Thursday, October 3, 2013
Getting Philosophical in the Garage
I was laying under my bike, battling a skid plate bolt that didn't want to thread. I patiently pulled it out, hand thread it again, and finally succeeded. I laid there for a second thinking about what I was doing. Securing the bolts on the skid plate is the last step in the oil change process. And out of no where a thought occurred to me, my mother would never have changed her own oil. A ridiculous thought, the only reason my mother would be in the basement would be to change out the laundry.
My mother lived by a strict unyielding rules, rules that governed gender norms. In my mother's world, a woman would never wield a wrench. If a woman was seen pumping her gas, she was to be pitied that she did not have a man to do it for her. In addition to the rules, what other people though of her was also a top priority. I distinctly remember the mantra of "what will the neighbors think".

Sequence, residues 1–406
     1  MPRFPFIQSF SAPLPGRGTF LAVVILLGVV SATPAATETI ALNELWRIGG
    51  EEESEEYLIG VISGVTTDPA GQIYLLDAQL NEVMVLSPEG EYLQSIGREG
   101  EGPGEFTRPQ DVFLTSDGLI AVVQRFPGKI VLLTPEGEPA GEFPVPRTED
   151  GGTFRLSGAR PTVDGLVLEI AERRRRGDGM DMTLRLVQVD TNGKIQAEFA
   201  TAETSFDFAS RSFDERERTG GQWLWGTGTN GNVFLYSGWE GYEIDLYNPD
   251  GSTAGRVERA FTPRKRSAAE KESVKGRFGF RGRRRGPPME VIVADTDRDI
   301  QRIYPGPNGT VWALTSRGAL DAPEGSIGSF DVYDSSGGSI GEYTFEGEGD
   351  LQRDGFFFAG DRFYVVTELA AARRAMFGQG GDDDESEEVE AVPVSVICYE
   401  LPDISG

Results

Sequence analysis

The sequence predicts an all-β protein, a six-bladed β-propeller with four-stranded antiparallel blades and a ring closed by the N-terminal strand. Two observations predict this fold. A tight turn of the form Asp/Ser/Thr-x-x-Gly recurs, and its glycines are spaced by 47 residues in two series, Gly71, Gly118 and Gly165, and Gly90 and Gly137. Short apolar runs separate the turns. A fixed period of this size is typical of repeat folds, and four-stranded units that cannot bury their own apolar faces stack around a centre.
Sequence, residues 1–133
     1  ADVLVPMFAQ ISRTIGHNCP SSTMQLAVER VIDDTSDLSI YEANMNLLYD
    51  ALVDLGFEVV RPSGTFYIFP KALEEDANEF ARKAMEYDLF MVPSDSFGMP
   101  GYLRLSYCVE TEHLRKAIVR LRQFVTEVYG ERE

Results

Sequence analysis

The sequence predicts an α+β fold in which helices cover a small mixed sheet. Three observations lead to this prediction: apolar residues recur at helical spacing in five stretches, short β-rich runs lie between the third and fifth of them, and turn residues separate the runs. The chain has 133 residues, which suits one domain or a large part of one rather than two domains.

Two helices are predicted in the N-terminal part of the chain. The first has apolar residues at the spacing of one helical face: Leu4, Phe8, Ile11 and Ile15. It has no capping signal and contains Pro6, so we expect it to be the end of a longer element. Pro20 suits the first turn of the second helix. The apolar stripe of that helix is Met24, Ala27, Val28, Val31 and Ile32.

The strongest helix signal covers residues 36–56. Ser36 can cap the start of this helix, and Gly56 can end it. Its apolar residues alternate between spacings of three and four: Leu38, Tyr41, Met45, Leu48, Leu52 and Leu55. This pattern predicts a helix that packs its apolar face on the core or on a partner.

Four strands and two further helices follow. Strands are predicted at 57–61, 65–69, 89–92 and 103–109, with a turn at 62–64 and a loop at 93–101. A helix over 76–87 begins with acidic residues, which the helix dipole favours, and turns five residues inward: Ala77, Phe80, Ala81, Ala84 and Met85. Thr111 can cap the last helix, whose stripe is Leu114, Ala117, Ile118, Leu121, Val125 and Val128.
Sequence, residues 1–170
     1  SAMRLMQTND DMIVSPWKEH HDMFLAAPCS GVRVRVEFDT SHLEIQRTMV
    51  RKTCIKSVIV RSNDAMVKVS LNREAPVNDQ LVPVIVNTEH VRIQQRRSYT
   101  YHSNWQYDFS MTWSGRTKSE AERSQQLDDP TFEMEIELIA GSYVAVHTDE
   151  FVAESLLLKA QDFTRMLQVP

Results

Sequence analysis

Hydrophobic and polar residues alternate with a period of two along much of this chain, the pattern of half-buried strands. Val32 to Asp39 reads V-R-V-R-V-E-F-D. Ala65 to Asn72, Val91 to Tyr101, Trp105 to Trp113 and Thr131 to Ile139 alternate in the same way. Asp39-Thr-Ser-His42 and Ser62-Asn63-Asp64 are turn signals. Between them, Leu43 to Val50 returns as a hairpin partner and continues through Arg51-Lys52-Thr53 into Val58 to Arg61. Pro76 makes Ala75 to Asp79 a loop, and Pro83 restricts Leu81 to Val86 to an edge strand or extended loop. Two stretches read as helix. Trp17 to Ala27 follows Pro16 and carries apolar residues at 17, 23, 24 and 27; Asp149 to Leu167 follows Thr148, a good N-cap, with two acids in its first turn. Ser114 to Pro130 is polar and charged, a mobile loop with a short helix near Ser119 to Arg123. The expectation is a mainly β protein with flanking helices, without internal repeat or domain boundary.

One could assume it was childhood rebellion that led me to be so different than her. And perhaps there is some of that. But the unspoken lesson that I learned from her was the price she paid for her dependence. When my father passed away, 10 years before her, she did not know how to pay bills, or get her car serviced. Growing up I saw how she had to ask for money, and account for its spending. It was that more than any rebellion that became the tenant of my values, my independence and ability to take care of myself trumped all.
As I wiped down my wrenches and put away my tool box, tossed the oily paper towels into the trash, I thought about writing this entry. Why do I write a blog at all? If for no other reason but to encourage that next woman who wants to learn how to change her own oil. Do it! Taking care of your own needs is the essence of self confidence. Enjoy!!